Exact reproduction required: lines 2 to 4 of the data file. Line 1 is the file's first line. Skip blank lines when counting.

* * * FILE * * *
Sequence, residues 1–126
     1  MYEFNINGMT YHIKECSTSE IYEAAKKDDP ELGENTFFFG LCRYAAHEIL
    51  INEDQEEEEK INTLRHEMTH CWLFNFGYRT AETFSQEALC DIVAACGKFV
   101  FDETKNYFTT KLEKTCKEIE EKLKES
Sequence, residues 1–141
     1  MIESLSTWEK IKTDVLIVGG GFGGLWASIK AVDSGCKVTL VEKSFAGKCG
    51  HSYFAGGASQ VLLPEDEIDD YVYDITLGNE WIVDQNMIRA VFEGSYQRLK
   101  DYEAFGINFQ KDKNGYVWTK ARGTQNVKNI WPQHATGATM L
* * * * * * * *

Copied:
     1  MYEFNINGMT YHIKECSTSE IYEAAKKDDP ELGENTFFFG LCRYAAHEIL
    51  INEDQEEEEK INTLRHEMTH CWLFNFGYRT AETFSQEALC DIVAACGKFV
   101  FDETKNYFTT KLEKTCKEIE EKLKES